President Uhuru Kenyatta pledges to speed up integration in East Africa

The Kenyan government on Wednesday pledged its commitment to expediting the regional integration in East Africa by promoting the free movement of labor, goods and services.

President Uhuru Kenyatta said his government has also undertook to deepen Kenya’s economic ties with neighboring countries—South Sudan, Sudan, Ethiopia and Somalia, and to take steps towards eliminating tariff and non-tariff barriers while encouraging greater collaboration of regional partners.

The president said the regional integration will be spearheaded through joint infrastructure programs and investments to harness the collective potential of the region.

“I have enumerated these commitments to assure Your Excellencies of my government’s wholesome involvement in the projects encompassed in our summit’s action points,” Kenyatta said in the coastal city of Mombasa where he commissioned a new berth at the port.

The facility reflects the expanded capacity at the port of Mombasa and will enable berthing of large container ships. It is the single largest berth capacity expansion undertaken in 35 years.

“We have no option. This is the call of our time. We are the custodians of the gateway to East Africa. Our regional brothers and sisters depend on us to ensure that they never fall in want or suffer unnecessary inconvenience owing to inefficiency or corruption at this port,” he said.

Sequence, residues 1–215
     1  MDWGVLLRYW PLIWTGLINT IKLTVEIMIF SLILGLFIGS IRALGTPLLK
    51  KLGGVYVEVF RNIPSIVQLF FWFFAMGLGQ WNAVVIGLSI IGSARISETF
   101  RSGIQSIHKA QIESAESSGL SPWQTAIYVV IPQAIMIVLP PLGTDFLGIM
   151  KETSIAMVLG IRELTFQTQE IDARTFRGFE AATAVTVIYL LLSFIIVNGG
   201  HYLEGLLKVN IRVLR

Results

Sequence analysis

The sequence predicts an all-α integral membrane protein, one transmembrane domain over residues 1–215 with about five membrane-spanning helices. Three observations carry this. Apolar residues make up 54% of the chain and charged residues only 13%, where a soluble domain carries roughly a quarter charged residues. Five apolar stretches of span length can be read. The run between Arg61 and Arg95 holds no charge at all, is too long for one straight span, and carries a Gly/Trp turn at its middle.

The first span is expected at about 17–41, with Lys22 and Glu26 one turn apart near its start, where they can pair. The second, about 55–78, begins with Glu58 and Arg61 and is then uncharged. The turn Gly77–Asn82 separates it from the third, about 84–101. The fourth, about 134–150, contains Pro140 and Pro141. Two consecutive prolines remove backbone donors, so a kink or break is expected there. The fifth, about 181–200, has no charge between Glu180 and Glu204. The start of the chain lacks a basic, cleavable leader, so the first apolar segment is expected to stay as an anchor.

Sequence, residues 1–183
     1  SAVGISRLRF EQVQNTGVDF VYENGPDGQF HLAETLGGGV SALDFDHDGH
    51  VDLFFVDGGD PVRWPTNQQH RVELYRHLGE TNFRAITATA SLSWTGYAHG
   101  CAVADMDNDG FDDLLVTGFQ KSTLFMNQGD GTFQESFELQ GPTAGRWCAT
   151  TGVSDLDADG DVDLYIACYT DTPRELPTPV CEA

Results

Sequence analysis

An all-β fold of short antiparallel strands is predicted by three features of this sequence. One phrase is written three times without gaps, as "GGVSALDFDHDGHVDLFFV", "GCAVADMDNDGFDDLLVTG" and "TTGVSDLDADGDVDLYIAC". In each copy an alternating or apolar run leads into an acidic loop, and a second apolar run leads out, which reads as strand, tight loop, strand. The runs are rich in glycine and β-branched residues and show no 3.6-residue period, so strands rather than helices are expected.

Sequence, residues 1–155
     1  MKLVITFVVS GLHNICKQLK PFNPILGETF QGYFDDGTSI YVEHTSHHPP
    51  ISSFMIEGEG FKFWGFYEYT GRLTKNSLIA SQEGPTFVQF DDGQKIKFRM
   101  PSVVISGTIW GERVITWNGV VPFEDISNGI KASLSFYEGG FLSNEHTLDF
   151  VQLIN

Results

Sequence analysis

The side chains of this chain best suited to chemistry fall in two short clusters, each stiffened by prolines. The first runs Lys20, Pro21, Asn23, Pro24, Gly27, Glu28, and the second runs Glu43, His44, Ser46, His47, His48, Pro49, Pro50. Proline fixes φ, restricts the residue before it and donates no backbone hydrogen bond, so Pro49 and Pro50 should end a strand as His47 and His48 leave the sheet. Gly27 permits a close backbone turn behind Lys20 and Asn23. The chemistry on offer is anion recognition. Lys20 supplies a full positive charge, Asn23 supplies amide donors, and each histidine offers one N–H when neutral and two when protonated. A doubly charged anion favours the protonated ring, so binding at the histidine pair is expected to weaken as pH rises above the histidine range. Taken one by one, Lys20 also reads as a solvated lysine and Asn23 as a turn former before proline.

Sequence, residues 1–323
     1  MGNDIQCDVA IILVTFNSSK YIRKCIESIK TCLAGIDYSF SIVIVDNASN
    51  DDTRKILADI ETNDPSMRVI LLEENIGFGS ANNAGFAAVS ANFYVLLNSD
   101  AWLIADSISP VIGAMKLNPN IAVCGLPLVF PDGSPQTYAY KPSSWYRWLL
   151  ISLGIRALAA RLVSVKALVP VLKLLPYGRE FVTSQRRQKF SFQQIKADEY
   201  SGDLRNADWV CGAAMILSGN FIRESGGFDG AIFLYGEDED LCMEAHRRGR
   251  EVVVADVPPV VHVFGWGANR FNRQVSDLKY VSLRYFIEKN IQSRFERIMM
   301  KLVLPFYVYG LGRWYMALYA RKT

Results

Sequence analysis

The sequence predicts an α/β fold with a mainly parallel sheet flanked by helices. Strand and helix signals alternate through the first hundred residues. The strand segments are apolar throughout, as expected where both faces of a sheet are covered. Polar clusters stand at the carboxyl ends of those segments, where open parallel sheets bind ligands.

The Mombasa-based port facility is the best equipped on the East African coast, being the second largest port in terms of tonnage and containers handled after Durban of South Africa. It serves the hinterland markets of Kenya, Uganda, Rwanda, Burundi, the Democratic Republic of Congo, Tanzania, South Sudan and Ethiopia.

Kenyatta has said Mombasa port must position itself to serve the interests of the entire East Africa region, and that the government plans to transform the port into the largest, busiest and most business-friendly sea-port on the East African coast.

Ugandan President Yoweri Museveni of Uganda said the port was critical in assisting producers of goods and services in the region to access local and international markets.

Museveni, who is also the current chairman of the East African Community, challenged regional states to unite in a bid to create a bigger market for regional products and services as well as consolidate their bargaining power with major global economies and trading blocs.

He lauded his Kenyan counterpart’s personal efforts that helped remove non-tariff barriers such as roadblocks and corruption resulting in faster movements of goods, people and services between Kenya and Uganda.

During the commissioning, Kenyatta expressed his government’s readiness to improve road and rail links with neighboring countries, starting with the building of a standard gauge railway from Mombasa to Malaba in order to increase rail freight from the current 4 percent to at least 50 percent in the next few years.